Caroline, my dear friend and gardening partner, and I are embarking on our second year of “farming”. The plot is the same 20 ft by 50 ft garden we rented from the city last gardening season.
During our first year, 2011, we decided not to invest too heavily in inputs (ah, the farming language is wonderful) in case we decided not to garden beyond year one. After last year, a year of mixed success, we decided to invest in more inputs or soil amendments as Caroline calls them. Late last fall that took the shape of 10 cubic yards of mushroom compost delivered by a dual axle dump truck that beeped when it backed up and then spewed out a great mass of steaming smelly compost onto our plot. I was speaking with Bonnie (from Bonnie’s Lavender Farm) about gardening this coming season. When I told her we’d purchased mushroom compost, she said “that’s just horse shit”. I thought at first she was dissing our investment but then realized she was calling a spade a spade or in this case, calling mushroom compost horse….well you get it.
No matter what we call the inputs, we are hoping it will turn our 2012 farming season into a smashing success. We feel very good about trying to grow our own food. We are hoping this year our bounty will increase and that the compost will make a world of difference.
Some things that would make us very happy this year:
- to have more than one resident, migrant earthworm in the whole plot
- to produce carrots that don’t look as if they were grown in a nuclear waste site
- to have fewer than 4, 427 potato bugs to squash throughout the season
- to really sit down, once in a while, in the lawn chairs we take out and store in the little shed
We do get teased about how you can buy 20 lb bags of carrots in the fall for $3.50 a bag. No matter, those are not our carrots, that were started by our hands and our attention to water and our monitoring and our great discussions about thinning the plants and on and on. In a way we may be living the old joke about the farmer who won a million dollars and was asked about his plans. “Oh, I dunno”, he said, “probably keep farming till it’s all gone”.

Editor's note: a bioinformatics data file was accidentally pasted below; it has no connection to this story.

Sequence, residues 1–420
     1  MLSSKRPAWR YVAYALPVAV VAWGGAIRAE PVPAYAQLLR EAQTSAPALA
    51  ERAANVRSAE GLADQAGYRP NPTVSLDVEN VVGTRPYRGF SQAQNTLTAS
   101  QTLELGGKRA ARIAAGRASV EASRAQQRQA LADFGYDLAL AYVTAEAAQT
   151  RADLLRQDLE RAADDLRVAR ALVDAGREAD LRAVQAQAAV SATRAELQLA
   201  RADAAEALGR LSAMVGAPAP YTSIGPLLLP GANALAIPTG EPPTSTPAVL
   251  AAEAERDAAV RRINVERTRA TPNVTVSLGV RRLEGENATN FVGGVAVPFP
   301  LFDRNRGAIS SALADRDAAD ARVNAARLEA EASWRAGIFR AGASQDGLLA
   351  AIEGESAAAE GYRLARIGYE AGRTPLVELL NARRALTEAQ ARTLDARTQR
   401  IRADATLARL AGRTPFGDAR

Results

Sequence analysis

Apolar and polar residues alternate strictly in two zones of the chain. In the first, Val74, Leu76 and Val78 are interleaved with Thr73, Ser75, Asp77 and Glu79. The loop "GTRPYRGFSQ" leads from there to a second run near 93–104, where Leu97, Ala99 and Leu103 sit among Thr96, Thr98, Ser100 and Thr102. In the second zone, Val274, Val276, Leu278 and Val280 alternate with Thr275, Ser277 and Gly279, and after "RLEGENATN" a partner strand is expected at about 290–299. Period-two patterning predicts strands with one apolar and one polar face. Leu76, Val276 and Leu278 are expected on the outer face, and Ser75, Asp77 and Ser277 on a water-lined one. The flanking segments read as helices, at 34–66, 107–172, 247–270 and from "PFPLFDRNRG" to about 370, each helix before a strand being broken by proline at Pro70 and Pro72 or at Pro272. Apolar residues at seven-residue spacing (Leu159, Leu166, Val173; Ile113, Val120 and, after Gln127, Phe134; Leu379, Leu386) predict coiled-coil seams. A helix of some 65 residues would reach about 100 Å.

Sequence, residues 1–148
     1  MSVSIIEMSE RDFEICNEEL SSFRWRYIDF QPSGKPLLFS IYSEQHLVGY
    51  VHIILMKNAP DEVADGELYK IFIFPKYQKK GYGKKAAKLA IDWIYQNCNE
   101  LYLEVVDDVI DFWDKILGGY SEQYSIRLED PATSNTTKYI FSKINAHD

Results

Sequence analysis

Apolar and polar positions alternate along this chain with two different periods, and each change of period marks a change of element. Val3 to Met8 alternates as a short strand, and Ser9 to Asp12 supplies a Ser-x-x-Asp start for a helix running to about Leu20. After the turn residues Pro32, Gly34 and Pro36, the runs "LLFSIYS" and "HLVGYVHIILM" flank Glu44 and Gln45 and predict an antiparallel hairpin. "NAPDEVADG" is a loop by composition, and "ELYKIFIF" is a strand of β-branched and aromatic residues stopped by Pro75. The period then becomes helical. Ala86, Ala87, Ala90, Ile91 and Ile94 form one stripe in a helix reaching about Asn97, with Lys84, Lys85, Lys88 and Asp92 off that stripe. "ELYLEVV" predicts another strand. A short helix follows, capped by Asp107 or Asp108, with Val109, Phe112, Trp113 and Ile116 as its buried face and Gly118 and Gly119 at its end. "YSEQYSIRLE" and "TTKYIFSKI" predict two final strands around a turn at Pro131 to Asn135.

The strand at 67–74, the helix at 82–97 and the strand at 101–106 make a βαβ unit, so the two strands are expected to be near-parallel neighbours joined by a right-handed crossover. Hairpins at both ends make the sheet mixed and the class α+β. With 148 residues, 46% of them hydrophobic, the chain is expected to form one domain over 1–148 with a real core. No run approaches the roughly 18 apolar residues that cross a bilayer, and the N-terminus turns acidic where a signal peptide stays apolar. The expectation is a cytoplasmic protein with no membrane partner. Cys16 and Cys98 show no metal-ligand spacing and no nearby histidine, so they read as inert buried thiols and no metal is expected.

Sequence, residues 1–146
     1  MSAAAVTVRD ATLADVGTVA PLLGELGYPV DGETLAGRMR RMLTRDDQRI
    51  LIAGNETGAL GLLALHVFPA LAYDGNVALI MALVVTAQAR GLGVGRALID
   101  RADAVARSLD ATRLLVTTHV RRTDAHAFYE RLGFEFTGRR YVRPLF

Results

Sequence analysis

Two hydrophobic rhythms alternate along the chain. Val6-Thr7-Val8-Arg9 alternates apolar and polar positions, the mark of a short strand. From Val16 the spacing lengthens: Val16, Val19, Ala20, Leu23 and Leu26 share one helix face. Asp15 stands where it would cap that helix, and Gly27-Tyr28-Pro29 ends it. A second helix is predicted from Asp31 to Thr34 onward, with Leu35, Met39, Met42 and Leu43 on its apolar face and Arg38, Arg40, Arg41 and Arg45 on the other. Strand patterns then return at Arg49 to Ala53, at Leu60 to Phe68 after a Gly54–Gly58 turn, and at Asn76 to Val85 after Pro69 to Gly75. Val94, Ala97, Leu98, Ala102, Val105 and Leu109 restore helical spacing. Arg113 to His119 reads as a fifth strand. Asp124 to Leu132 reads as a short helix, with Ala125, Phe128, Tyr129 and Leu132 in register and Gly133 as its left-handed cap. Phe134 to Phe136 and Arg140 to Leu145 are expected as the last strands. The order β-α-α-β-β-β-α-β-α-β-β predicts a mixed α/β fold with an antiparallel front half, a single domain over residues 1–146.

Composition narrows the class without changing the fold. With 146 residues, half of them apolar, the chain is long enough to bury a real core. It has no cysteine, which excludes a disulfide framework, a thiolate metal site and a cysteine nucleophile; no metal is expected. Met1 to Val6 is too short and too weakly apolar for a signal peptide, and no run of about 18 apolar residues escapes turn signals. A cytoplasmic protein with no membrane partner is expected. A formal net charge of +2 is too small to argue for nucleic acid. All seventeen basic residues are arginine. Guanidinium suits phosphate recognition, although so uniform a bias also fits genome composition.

Do you have some gardening experience to send our way? All guidance and advice is most welcome.
4 thoughts on “Green Thumb 2012-Year 2”
I have comments!!!! If it is about dollars and cents, stop right now. But you already knew that. It
is about growing something that you can eat and can have pride in and can enjoy growing then go for it. Garth
We went to see the comedian Sandra Shamus this week. She lives on a farm in Ontario and grows organic vegetables. She said farming is about buying retail and selling wholesale. That’s right in line with your advice. For us it is about the very things you mention and so indeed-we will go for it! Thanks for the comment-always great to hear from you.
Tanya has spent most of her gardening time in her flower gardens but she and Lina have put in some (maybe 1/3) of our 25 meter X 25 meter kitchen garden. Two truckloads of well rotted horse manure were incorporated into it last fall but it needs about 20 more to make that heavy clay soil into something friable. The tomatoes will go in mid May and the vine veggies about then too I think. Our peas are already 2″ high.
It seems your growing season is quite a bit ahead of ours. Is Ukraine and southern Ontario about the same latitude? Flat maps never give you the right perspective. Yes, while we’ve started with the mushroom compost, it’s likely only the beginning of our “amendments” over time. Sounds like something that previously I associated only with Roberts Rules of Order at a meeting. Thanks for the comment.